All confrontrations between prosecutors and defendants were not, of course, preliminary hearings. From our examination of the record, we have determined that the prosecutor was not acting in his magisterial capacity when petitioner confessed. The only support for petitioner's claim is that the prosecutor possessed magisterial powers and that the prosecutor placed him under oath before he took his statement. There were no other witnesses examined* ; there was apparently no bail set; the prosecutor apparently did not issue a warrant of arrest, petitioner having been earlier arrested and in custody; and there is no suggestion or evidence that the prosecutor made a formal determination of probable cause. That the proceeding was merely part of the investigation is not only indicated by contemporary references at the trial, but demonstrated by events. Petitioner had been taken into custody and had made several similar oral confessions to the police before the prosecutor was called in. The prosecutor appeared with a secretary and immediately issued warnings and commenced the questioning appearing in the written statement. The formal questioning began in the Detective Bureau Headquarters, was suspended while the petitioner led the prosecutor to various places in retracing his activities on the day of the crime, and was resumed and completed at the Loifza Street Police Station. Furthermore, on his original appeal and when petitioner made his first attempt to secure a writ of habeas corpus, he apparently argued that his conviction was improper because he had been denied a preliminary hearing. The Puerto Rican Supreme Court on two occasions and this court on appeal held that his conviction was proper even though he had been prosecuted on an information which had not been preceded by a preliminary hearing conducted by the district attorney. See People v. Rivera Escute, 66 P.R.R. 207, 211 (1946); Rivera Escute v. Delgado, 80 P.R.R. 800, 813-814 (1958); Rivera Escute v. Delgado, 282 F.2d 335, 338-339 (1st Cir. 1960). That petitioner's confrontation by the prosecutor was merely an interrogation and not a preliminary hearing is clearly established. Thus, the doctrine of Coleman does not apply to this case.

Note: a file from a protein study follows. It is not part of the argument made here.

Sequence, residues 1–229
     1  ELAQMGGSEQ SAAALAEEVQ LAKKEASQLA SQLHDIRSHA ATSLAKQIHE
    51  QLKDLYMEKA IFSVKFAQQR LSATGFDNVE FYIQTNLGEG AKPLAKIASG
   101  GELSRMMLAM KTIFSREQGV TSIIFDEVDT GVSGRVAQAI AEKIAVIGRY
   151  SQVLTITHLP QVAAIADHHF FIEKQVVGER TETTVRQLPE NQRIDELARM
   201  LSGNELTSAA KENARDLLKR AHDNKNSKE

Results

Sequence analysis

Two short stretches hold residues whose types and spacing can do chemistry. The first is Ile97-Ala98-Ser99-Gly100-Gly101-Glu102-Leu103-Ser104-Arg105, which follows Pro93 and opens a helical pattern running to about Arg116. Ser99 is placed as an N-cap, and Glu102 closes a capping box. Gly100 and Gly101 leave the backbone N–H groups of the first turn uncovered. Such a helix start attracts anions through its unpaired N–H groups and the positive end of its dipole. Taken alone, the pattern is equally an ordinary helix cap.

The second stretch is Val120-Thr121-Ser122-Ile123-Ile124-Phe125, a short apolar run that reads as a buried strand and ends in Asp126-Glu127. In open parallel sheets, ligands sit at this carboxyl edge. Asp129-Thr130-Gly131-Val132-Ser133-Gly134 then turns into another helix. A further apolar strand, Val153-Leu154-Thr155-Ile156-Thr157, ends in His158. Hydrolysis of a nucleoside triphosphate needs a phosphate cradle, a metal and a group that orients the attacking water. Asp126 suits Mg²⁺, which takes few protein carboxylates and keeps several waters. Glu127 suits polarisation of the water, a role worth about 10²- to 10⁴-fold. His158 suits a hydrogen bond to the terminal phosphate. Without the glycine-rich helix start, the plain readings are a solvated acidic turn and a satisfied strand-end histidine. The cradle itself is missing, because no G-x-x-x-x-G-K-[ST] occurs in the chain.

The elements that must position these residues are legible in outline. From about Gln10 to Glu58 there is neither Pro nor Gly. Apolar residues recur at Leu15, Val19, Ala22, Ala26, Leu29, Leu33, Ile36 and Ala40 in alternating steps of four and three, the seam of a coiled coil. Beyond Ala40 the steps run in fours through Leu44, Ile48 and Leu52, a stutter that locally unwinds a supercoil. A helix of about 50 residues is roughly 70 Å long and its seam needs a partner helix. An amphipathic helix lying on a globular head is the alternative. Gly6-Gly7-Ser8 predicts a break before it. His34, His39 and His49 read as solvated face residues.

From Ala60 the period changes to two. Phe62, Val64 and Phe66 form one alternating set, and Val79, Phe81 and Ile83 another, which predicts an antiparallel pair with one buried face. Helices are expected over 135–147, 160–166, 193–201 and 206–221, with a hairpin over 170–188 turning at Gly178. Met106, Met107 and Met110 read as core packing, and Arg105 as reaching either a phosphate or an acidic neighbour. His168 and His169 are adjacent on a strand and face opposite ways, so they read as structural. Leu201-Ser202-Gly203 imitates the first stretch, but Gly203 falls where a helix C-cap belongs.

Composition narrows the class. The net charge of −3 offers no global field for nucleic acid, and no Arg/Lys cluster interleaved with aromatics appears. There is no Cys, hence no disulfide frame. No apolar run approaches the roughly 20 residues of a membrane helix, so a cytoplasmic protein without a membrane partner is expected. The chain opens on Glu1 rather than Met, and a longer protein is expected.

Even if the interrogation had taken place at a preliminary hearing, we would be inclined to reach the same result. In Coleman the Supreme Court pointed to four factors which prompted it to decide that the accused needed the presence of an attorney. The attorney might point out flaws in the state's case by examining witnesses, might obtain impeachment evidence or preserve favorable testimony for trial, might discover the state's case, and might make effective arguments for lower bail or the necessity of an early psychiatric examination. Clearly the first three factors would have benefitted this defendant not at all since there were no other witnesses at the examination but himself. We are inclined to doubt the ability of a defense lawyer to persuade a magistrate to lower bail when the magistrate is also the prosecutor. Petitioner obtained a psychiatric examination before trial, and there was no prejudicial delay, the trial having taken place six months after petitioner's arrest. In short, it would seem that the presence of a defense attorney might have served only to prevent a confession at the examination, but even here, petitioner was not prejudiced. On at least three separate occasions before he confessed to the prosecutor he had confessed to various police officers. This court has already ruled that none of these confessions was coerced. Rivera Escute v. Delgado, 282 F.2d 335, 336 (1st Cir. 1960). Other than being denied the non-retroactive rights afforded by Miranda and Escobedo, we see no factual prejudice resulting to this petitioner from the absence of counsel at the interrogation by the magistrate. Cf. Chin Kee v. Commonwealth of Massachusetts, 407 F.2d 10 (1st Cir. 1969), cert. denied, 395 U.S. 982, 89 S. Ct. 2143, 23 L. Ed. 2d 770 (1969).
One witness, Pacheco, stated that he testified under oath before the prosecutor on an occasion when petitioner was in another room. There is no suggestion that this occurred in connection with the questioning of petitioner